The DOJ accuses Quicken of "improperly originating and underwriting mortgages insured by the Federal Housing Administration" from September 2007 to December 2011. The company also encouraged employees to disregard FHA rules, the DOJ alleges.
The Department of Housing and Urban Development (HUD) "has already paid millions of dollars of insurance claims on loans improperly underwritten by Quicken," the DOJ said.
If a home was appraised at a value too low to be approved for a loan, Quicken would request an inflated value from the appraiser without justification for the increase, according to the DOJ.
Quicken sued the DOJ and HUD last week "after the DOJ demanded Quicken Loans make public admissions that were blatantly false, as well as pay an inexplicable penalty or face legal action."
"As the complaint alleges, Quicken violated HUD's quality standards when obtaining HUD insurance for mortgage loans," U.S. Attorney John Walsh of the District of Colorado, whose office helped to lead the investigation, said in a statement. "Quicken issued hundreds of defective mortgage loans, and left HUD – and the taxpayer – to pay for the loans that defaulted. Quicken’s alleged fraudulent conduct affected communities nationwide. This case is the latest step in our commitment to hold accountable mortgage lenders who profit by taking advantage of HUD insurance and issuing defective loans that do not meet HUD’s standards."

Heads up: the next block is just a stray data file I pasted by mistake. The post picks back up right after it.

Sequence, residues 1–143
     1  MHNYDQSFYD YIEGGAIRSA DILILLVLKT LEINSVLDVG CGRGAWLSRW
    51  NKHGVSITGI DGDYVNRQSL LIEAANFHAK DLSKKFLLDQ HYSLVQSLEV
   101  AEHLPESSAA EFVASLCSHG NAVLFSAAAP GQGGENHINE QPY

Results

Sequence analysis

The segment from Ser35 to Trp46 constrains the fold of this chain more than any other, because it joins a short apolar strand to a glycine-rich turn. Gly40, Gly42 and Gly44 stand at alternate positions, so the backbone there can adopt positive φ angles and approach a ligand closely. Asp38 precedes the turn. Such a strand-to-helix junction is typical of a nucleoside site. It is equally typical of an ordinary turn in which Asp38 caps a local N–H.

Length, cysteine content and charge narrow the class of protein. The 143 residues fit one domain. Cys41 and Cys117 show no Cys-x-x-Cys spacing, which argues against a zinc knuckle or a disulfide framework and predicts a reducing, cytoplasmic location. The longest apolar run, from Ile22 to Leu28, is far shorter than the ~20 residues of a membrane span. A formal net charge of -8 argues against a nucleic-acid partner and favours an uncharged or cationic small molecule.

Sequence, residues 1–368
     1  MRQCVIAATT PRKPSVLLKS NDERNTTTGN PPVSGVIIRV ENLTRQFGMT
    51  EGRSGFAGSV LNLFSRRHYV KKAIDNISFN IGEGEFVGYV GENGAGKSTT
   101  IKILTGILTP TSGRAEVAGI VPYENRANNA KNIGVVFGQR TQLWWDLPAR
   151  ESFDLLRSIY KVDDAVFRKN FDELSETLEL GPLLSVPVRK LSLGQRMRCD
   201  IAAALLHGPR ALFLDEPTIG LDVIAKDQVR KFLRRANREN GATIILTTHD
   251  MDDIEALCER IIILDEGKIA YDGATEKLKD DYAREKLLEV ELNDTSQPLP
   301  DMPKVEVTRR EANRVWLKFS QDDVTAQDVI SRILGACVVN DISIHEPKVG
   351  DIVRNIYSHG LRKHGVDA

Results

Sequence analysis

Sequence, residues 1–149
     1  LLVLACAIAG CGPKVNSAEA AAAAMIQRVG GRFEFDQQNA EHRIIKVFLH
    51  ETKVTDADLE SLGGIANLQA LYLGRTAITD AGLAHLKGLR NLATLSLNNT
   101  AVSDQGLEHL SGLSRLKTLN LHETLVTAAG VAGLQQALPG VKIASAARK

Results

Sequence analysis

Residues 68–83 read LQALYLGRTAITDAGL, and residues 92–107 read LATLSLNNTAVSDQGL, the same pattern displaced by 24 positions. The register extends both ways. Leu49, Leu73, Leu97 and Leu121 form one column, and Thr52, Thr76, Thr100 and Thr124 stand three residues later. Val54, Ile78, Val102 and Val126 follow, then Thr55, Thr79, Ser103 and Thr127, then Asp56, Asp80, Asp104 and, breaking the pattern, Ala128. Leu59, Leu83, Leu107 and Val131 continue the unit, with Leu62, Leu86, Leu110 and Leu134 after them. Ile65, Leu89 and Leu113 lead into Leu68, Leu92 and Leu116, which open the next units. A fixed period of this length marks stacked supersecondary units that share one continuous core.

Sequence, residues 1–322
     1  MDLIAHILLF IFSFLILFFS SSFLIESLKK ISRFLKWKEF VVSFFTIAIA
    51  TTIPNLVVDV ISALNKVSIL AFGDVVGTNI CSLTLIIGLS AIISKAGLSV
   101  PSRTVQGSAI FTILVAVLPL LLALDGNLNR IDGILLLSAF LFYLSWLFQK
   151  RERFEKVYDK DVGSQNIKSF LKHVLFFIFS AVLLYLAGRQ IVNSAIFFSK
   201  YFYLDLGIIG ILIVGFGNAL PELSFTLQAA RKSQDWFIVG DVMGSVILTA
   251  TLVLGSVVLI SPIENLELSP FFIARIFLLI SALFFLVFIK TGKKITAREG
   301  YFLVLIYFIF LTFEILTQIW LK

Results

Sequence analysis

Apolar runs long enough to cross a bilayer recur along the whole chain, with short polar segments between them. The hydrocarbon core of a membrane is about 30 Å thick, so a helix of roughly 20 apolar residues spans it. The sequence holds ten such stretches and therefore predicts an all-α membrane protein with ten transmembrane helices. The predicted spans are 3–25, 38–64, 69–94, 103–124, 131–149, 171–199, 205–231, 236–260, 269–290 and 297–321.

Quicken dismissed the suit as "the continuation of the abusive actions and a make-good on the DOJ’s threats since their witch-hunt began three years ago."
"The complaint filed today is riddled with inaccurate and twisted conclusions from fragments of a handful of emails cherry-picked from 85,000 documents that the DOJ subpoenaed," Quicken said in a statement. "Worse than that, the DOJ appears to be basing their entire case on a handful of out-of-context email conversations skimmed from the communication between Quicken Loans employees. These conversations relate to a miniscule number of loans out of the nearly 250,000 FHA mortgages the company has closed over the past seven years."
Gilbert bought the Cavaliers in March 2005 and renamed the team's arena after his company. Gilbert also owns the minor-league hockey Lake Erie Monsters and NBA D-League's Canton Charge.
- Dan Gartland